The commoditisation of hotels is this conference season’s hot topic, as the online travel agents have forced the market to realise what the customer has suspected for some time – sometimes a room is just a room. As can be seen elsewhere this issue, this has lead to a rash of brand launches as the march to differentiate gathers pace.
For some, of course, a niche has already been found. Britannia Hotels last month distinguished itself by being rated the worst hotel chain in the UK for the second year in a row by Which? magazine. The group managed to score even lower than it did in the previous year, with an overall score of 33%, down three percentage points.
A quick scout round TripAdvisor reveals that the wisdom of the crowd backs up Which?, with comments ranging from “there were blood stains on the carpets” to “old rickety toilet seat” and the slightly more positive “booked in with no quarrels”.
This doesn’t seem to have stopped the cash flowing in, with turnover up 5% for the year to 31 March, reaching GBP73.3m. The Daily Mail has an explanation for this, with the news that the Home Office had been using some Britannia Hotels sites to house asylum seekers. The company has not as yet responded to the claims, although reviews on TripAdvisor suggest that guests at the Gatwick property have noticed that not everyone is there for a quick nap ahead of the early flight out.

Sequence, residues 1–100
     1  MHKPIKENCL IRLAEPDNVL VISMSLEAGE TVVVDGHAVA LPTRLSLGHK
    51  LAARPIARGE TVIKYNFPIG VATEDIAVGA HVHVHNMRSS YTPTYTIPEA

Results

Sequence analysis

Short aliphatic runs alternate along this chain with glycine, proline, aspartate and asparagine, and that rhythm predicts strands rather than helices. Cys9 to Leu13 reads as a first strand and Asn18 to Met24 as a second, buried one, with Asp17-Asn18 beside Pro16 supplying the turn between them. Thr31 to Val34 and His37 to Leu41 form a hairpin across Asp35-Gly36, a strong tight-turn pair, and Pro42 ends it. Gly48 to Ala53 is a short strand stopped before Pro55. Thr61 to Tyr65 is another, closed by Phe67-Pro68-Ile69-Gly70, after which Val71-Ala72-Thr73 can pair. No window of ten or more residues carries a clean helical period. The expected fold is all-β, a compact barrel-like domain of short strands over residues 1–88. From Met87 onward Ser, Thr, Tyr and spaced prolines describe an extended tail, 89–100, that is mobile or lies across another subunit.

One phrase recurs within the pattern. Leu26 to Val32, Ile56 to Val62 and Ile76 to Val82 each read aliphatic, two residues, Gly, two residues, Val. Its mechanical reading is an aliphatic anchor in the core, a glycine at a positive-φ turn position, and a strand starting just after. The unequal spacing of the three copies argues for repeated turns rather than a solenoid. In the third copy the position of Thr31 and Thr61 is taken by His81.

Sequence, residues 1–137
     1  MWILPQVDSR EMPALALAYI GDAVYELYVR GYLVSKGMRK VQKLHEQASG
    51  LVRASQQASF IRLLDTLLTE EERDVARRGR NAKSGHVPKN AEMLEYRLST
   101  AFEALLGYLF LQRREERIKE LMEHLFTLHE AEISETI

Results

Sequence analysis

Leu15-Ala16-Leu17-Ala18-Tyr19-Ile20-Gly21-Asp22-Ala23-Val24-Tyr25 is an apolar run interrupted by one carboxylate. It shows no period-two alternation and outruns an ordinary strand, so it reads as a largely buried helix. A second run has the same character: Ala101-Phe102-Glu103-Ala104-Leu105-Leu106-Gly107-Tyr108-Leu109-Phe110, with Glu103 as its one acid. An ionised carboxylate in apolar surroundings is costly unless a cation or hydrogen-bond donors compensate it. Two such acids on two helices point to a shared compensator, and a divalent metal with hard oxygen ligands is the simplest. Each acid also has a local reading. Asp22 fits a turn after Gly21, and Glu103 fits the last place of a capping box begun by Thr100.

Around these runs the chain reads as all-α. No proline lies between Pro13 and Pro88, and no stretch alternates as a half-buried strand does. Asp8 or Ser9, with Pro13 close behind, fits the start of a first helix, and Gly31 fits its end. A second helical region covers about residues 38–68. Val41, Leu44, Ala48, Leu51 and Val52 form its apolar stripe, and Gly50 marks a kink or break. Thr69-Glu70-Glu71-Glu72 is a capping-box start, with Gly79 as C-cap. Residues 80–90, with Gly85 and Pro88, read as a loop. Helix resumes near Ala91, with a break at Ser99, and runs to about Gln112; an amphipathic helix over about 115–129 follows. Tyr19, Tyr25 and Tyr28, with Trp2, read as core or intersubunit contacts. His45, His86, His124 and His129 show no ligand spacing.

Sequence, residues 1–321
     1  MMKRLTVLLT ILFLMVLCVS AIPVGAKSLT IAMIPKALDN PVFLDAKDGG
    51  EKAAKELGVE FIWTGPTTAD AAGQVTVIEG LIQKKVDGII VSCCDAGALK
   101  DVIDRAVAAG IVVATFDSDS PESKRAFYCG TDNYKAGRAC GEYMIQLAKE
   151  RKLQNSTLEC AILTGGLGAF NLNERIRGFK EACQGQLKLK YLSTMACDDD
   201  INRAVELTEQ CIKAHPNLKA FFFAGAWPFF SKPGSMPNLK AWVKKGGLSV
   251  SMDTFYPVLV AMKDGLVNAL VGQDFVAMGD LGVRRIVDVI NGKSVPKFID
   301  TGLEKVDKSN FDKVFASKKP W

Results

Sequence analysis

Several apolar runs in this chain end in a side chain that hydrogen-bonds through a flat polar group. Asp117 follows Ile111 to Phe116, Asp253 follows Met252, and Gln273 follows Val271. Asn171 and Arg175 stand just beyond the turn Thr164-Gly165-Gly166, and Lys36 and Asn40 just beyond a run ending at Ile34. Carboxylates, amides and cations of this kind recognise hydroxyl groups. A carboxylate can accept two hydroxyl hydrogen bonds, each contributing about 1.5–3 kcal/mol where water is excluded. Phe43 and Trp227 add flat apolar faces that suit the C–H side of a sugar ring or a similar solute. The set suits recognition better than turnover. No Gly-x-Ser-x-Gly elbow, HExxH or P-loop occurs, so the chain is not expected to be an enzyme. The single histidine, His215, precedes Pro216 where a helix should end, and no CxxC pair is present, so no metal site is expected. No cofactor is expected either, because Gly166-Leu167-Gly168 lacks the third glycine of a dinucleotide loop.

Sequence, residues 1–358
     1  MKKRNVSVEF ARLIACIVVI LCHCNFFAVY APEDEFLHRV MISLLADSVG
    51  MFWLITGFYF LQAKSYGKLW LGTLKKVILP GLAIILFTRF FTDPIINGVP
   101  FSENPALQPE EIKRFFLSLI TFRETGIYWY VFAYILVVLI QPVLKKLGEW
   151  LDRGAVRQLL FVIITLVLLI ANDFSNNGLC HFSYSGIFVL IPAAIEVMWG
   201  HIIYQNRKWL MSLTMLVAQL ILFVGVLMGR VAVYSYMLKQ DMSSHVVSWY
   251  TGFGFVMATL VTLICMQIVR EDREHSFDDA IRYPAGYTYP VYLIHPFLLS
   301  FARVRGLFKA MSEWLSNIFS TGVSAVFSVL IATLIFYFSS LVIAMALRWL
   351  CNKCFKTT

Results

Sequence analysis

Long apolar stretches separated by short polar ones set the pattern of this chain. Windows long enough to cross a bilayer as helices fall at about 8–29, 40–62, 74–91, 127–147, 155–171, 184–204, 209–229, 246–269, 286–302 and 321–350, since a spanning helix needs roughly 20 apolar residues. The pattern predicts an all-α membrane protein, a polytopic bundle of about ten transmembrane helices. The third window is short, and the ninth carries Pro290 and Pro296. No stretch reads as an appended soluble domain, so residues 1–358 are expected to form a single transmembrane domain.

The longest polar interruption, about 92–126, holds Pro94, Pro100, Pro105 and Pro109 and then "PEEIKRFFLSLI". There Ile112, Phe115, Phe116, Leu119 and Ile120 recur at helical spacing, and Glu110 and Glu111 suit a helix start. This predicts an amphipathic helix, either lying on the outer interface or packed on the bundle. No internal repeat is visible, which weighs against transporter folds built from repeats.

If true, this may only be a short-term fix for Britannia as it faces the ongoing TripAdvisor onslaught. The Home Office told the Bournemouth Echo that the use of hotels was “only ever acceptable as a short-term measure”. Maybe time to rebrand after all.